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vol. 56
Original paper

Satisfaction and discontent of Polish patients with biological therapy of rheumatic diseases: results of a multi-center questionnaire study

Anna Kotulska
Eugeniusz J. Kucharz
Piotr Wiland
Marzena Olesińska
Anna Felis-Giemza
Magdalena Kopeć-Mędrek
Aleksandra Zoń-Giebel
Wojciech Romanowski
Lucyna Szymczak-Bartz
Małgorzata Tłustochowicz
Jolanta Lewandowicz
Joanna Kowalska-Majka
Jolanta Bucka
Maria Majdan
Zofia Kiełbik
Mariusz Korkosz
Aneta Bielińska
Piotr Leszczyński
Katarzyna Pawlak-Buś
Mariusz J. Puszczewicz
Dominik Majewski
Katarzyna Smolik
Teresa Migas-Kukla
Małgorzata Sochocka-Bykowska
Maria Szarecka
Bernadeta Luberda
Małgorzata Falenta-Hitnarowicz
Jadwiga Świkszcz-Gniadek
Wanda Lepiarz-Rusek
Grzegorz Rozwadowski
Barbara Chara
Jerzy Zajdel
Zbigniew Zdrojewski
Maria Maciejowska-Roge
Irena Rosmus-Kuczia

Reumatologia 2018; 56, 3: 140-148
Online publish date: 2018/06/30
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Management of inflammatory rheumatic disease has been marked by significant advances in the last two decades with introduction of biological therapies [1–4]. Administration of these medications has resulted in an undisputable improvement in symptoms and signs of the disease as well as function and quality of life in a number of patients with rheumatoid arthritis, ankylosing spondylitis, juvenile idiopathic arthritis or psoriatic arthritis. Pathogenesis of the diseases remains only partially elucidated. Inflammatory mechanisms are closely associated with various immune disturbances [5, 6], some of which affect such phenomena as control of apoptosis [7] or angiogenesis [8].
Clinical aspects of the biological therapy have been extensively investigated both in well-controlled clinical trials and real-life studies, including data from registers [2, 3, 9]. Another aspect, patient satisfaction or disadvantages of the therapy, is relatively little explored in published reports. Clinical aspects such as efficacy or safety are generally universal and apply to all similar populations of patients. On the other hand, satisfaction and so-called social aspects of medication are mostly local and related to geographical location, cultural traditions and the economic situation of the country, as well as to some other factors [5].
The present study was designed to evaluate patient satisfaction with biological therapy and disadvantages associated with this method of treatment. The term “satisfaction” is not precisely defined. In general, it refers to a pleasant or happy feeling about something that was done or happened or was needed. In this meaning, satisfaction with the medication is an outcome of the therapy that is significantly positively received by the patient. In the present study, we used a questionnaire to evaluate different aspects of satisfaction, such as influence of medication on physical state, emotional state, financial situation of the patient, his/her professional performance, family and sexual life as well as leisure time.
Biological therapy is Poland is administered in selected centers and medication can be associated with some disadvantages as well. Factors that can create discontent in the patients were also included in the questionnaire. The study was conducted by the Polish Society for Rheumatology within its Section of Recommendations and Clinical Initiatives.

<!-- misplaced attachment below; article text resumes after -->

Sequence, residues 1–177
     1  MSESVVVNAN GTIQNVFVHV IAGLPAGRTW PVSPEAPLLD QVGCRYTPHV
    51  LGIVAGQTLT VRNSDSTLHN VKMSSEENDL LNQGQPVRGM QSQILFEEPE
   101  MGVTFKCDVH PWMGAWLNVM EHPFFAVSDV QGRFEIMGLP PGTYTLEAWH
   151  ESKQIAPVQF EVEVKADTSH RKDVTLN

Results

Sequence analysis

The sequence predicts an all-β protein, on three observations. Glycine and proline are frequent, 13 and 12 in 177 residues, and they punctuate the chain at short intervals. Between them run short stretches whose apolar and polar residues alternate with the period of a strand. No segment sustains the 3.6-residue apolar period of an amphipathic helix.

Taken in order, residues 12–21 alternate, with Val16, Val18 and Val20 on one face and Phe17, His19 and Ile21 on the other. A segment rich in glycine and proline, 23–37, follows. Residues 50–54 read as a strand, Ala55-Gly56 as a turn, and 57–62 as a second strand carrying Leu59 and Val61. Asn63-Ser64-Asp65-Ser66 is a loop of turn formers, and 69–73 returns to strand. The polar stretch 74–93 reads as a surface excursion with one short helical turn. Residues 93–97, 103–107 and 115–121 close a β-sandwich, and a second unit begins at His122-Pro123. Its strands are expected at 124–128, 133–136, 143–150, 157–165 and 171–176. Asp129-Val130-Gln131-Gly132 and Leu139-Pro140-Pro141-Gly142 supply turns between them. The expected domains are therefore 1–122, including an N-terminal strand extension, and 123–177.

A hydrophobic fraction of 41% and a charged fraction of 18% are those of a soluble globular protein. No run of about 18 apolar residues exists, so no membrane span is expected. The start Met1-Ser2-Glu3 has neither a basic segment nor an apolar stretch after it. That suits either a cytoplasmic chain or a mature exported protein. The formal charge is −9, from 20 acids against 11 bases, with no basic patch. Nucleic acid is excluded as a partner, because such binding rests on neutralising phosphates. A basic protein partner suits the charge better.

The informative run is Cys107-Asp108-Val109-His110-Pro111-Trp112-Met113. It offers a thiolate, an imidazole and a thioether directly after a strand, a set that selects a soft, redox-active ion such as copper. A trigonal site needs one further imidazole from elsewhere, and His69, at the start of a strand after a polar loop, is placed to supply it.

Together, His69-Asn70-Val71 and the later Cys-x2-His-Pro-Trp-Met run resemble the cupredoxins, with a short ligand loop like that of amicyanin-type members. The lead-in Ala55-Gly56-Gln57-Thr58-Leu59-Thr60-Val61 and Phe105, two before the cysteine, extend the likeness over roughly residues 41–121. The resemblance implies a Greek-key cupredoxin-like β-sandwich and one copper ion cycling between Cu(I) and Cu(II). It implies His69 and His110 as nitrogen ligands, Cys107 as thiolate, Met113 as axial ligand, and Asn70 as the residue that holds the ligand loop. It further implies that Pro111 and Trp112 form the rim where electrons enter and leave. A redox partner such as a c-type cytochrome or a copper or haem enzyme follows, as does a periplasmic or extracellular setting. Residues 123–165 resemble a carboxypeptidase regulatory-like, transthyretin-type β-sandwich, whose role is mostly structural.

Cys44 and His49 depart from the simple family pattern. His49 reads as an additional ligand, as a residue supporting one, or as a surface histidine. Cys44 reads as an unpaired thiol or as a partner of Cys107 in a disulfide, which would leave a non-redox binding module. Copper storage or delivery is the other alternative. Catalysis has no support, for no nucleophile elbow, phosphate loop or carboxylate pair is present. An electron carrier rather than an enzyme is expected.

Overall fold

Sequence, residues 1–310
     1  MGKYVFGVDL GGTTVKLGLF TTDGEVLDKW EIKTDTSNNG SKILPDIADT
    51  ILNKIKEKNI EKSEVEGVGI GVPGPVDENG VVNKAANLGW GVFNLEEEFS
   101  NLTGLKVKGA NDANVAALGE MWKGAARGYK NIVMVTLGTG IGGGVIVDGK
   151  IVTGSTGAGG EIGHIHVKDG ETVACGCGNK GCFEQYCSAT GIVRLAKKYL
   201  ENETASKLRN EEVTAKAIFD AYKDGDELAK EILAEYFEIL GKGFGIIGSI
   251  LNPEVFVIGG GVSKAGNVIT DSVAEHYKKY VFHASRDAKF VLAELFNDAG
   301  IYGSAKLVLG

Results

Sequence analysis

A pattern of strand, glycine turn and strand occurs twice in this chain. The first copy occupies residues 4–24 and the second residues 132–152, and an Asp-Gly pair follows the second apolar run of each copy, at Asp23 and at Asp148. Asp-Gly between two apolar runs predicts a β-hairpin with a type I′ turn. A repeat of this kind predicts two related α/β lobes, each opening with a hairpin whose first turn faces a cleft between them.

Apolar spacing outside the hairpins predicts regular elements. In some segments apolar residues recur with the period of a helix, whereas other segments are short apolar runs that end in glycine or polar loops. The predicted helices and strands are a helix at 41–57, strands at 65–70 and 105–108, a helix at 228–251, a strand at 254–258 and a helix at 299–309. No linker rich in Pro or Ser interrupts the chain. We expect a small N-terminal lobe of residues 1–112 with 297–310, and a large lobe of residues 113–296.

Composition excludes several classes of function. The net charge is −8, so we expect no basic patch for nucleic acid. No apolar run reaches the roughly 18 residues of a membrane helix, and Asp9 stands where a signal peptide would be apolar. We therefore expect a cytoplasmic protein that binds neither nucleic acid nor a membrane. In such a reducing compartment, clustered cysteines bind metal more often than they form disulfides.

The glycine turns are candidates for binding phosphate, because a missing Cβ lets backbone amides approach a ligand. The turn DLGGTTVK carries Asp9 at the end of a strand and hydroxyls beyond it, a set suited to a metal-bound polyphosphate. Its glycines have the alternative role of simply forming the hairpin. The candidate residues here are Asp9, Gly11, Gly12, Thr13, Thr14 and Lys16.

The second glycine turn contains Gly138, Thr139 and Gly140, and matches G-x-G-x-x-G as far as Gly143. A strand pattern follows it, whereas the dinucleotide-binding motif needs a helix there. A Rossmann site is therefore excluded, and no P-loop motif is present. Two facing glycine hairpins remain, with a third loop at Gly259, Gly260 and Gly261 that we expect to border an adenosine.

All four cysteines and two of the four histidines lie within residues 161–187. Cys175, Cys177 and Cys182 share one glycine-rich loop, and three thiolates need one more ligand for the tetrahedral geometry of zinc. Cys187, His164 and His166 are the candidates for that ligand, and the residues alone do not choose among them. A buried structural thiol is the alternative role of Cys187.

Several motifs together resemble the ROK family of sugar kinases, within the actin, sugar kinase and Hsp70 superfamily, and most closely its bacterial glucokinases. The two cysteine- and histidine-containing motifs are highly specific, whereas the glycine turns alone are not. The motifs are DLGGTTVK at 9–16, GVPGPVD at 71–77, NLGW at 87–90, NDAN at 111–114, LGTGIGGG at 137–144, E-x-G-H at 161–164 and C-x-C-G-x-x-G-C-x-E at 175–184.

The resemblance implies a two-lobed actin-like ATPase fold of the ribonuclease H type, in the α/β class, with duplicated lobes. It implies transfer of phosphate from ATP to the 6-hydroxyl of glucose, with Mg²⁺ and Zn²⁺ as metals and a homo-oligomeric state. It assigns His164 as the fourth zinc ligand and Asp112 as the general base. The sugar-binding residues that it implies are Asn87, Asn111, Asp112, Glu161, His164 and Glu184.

Material and methods

The questionnaire was prepared by the authors of the study, and was provided to patients receiving biological medication of rheumatic diseases. The response was voluntary and anonymous. We received 1239 questionnaires from 23 centers administrating the medication. Eight questionnaires were incompletely fulfilled and were rejected. The final analysis was based on 1212 questionnaires obtained from patients treated with biological drugs due to rheumatoid arthritis, ankylosing spondylitis, psoriatic arthritis and juvenile idiopathic arthritis. The remaining 19 patients were receiving biological therapy due to other diseases (e.g. vasculitis). The last group was not included in the study because it consisted of patients suffering from various diseases and some of the patients were receiving the medication for an unapproved indication. The investigated questionnaires were obtained from about 20% of all patients with rheumatic diseases receiving biological medication in Poland. All included patients were receiving the biological therapy within the reimbursement program called the medicinal program of the National Health Fund – the state insurance company.


Characteristics of patients

There were 714 (58.9%) female patients and 498 (41.1%) male patients. All patients were 18 or more years old. Patients with juvenile idiopathic arthritis included in the study had been diagnosed a few years earlier when they had been children but the present study included only those of them who were adults and continued medication with biological drugs when they responded to the questionnaire. Half of the investigated patients (50%) suffered from rheumatoid arthritis, 35% were being treated due to ankylosing spondylitis, and 10% and 5% were being treated due to psoriatic arthritis and juvenile idiopathic arthritis, respectively. The detailed data of the patient population are summarized in Table I. Age distribution was associated with disease. Rheumatoid arthritis was the most common in patients aged 30–59 while ankylosing spondylitis occurred predominantly in patients aged 30–39. Distribution of patients suffering from psoriatic arthritis was similar within the age group 30–59, with some increase in the 50–59 year-old group, and, as expected, juvenile idiopathic arthritis was predominantly seen in patients aged 18–29.
Education of the patients was mostly similar in all subgroups representing various diseases, with some exception for ankylosing spondylitis. This younger group had more patients who were university graduates. Marital status of the patients with specific diseases was related to the average age of the patients. Disorders that are prominent in younger populations have been found to be more common in unmarried or married individuals while those occurring predominantly in older age were more common in divorced or widowed patients (Table I).